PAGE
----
I’ve always spoken about this series in my interview and I’m very proud of it. I’ve got the first two already written and I’m working on finishing the third. Fate Reborn is the first book I’ve ever written in my life!
Ashat a three hundred and twenty five year old werewolf who’s lived three centuries in sorrow and torment after his family was killed by an enemy-Baku. The only way he is able to bear his long life is drinking himself into a drunken stupor, women and hunting down Baku. His world suddenly changes when he meets Merilee and he is finally able to love and be happy again.
Merilee is an eighteen year old girl who lost her family in a fire when she was five. However she isn’t too sure about that, her nightmares show her something very different to what her shrink has been telling her for thirteen years. She was raised by her two adoptive sisters Ann and Maria in an orphanage. She has a fear of letting people in and losing them. This fear makes her put up with an
obnoxious boyfriend Steve until she’s finally gets the courage to get rid of him.
She finally meets a man who she instantly has a crush on and ultimately falls in love with after their first night together.
But Merilee and Ashat have met before in the worst of situations.
Every story has a beggining… this is it….
The sun was at its highest again. It was picturesque as it stood on its lonesome in the cloudless beautiful blue sky. It rested above the water, shining hard its rays of light bouncing off the water.
If it had an ego, one would say it was showing off its power, its beauty, and its capability to make the world look so beautiful.
If Angakut, the spiritualist, heard anyone say that, he would have a fit!
Angakut was old and frail but very powerful and everyone was afraid of him. He had connections with the big guys; it would be dangerous to mess with him, and his appearance was also very intimidating.
He had long white hair that was held up with a long stick and red, white and black markings on his shriveled brown skin that symbolized his power and the favor the spirits had on him. His eyes were sunken and black, his ears pulled down with tiny black chunks of wood stuck in them.
“The sun is a heavenly being, the guardian of the day. It gives its best to its children when they deserve it. Do not mock his powers!” His harsh coarse voice filled Ashat’s head.
Then we must have done something right today, Ashat thought to himself.
Ashat stood still to take in the beauty of the earth, its sight and its scent. The summer had come with a lot of blessings; beautiful tall trees, green grass and cloudless blue skies. The lake seemed to sparkle as the sun rays touched its surface.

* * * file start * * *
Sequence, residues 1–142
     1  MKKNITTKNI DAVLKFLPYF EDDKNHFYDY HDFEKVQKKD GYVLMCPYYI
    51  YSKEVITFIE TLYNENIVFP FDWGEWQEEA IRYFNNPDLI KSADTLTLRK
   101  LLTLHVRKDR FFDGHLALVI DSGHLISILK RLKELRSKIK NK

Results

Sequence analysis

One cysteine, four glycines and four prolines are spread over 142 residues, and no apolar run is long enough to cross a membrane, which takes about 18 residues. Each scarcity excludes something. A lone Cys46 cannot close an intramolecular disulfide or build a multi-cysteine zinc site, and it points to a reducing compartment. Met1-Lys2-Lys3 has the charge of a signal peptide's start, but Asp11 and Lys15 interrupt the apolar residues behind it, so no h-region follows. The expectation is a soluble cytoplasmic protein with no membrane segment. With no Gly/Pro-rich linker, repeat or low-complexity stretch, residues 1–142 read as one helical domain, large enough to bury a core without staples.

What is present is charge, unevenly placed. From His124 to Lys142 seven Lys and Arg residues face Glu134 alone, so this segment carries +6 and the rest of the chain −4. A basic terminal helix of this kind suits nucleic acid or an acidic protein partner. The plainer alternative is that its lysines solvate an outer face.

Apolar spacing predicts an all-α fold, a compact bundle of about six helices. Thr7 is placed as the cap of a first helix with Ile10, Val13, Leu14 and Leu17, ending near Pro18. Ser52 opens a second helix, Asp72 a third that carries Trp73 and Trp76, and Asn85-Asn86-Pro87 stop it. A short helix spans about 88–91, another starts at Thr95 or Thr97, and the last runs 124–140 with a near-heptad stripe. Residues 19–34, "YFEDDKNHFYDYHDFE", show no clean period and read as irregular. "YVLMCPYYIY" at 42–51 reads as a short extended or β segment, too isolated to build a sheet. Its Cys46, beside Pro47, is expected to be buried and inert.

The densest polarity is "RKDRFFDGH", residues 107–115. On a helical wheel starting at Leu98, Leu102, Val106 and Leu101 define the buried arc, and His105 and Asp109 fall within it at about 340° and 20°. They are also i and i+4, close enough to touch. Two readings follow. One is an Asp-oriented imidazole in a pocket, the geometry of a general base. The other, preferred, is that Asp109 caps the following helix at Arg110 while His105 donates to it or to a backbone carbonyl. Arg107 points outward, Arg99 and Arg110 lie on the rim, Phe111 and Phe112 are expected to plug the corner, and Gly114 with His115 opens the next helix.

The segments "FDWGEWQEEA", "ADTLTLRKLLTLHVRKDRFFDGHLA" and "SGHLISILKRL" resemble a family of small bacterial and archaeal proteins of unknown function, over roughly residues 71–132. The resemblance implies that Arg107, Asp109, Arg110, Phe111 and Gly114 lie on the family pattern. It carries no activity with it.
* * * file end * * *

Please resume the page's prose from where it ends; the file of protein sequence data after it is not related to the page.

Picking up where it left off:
He dug his toes into the ground and rubbed the cold soft soil in between his toes.
The beauty mother earth had created was unspeakable, no creature, man or animal could disagree as they all benefit from her kindness.
But there was far more beauty than anything the world had ever seen calling out for him, Rosa. Ashat couldn’t help but smile, every part of him was more awake now than it was ten seconds ago.
“Ashat, will you stop daydreaming and hurry up! Your little brother’s blessing ceremony is about to begin!”
Rosa’s voice carried him to heights that could arouse the dead. Ashat became more aware of her body, as she stood there impatiently waiting for him to catch up. Her long black hair, still wet, complimented her light brown skin tone, hanging loosely around her face perfectly. Unlike most women in the tribe, she was slender and stood five feet eight inches tall. Her short brown dress was more like a second skin, as it clung to her, amplifying every curve and bump of her curvatious body. Her slit hazel eyes were hypnotizing and seemed more like gem stones that made her face even more alluring. Her soft rosy lips that curved to shape a perfect smile had always been ammunition no man could resist and every woman envied. That, and the fact that she was the chief’s only child.
“Okay, okay, hold your horses, I’m coming!” Ashat shouted back, as he followed her through the scattered trees and back to the village.
Ashat was in no hurry to go back home, he wanted to spend more time with Rosa. They had gone swimming in the far end of the Willow Lake, where it was covered with mass vegetation. It wasn’t too far from the village but far enough. They wanted some time alone, and they also didn’t want to be seen by anyone who may report them to the chief, if so, her movements would be restricted. She was not married yet and had to stay untouched until so, if her husband was to rule and live long. It was the ways and beliefs of their people and they had to obey it.
Chief Roa was the fiercest leader the Lakota tribe has ever had. The fact that by birth right he still would have been chief, played little part in the respect and fear people had for him. His act of courage and humility has been a bed time story for all children for the past forty decades. Many men had and still are trying to match up, some succeed, some die trying, others face the embarrassment and dishonor of failing miserably.
Wrestling a five hundred pound, seven foot bear, and praying for its spirit’s safe journey to its ancestors was harder than it sounded in the heroic stories. Ashat had the scares to prove it, and to think Chief Roa wrestled two.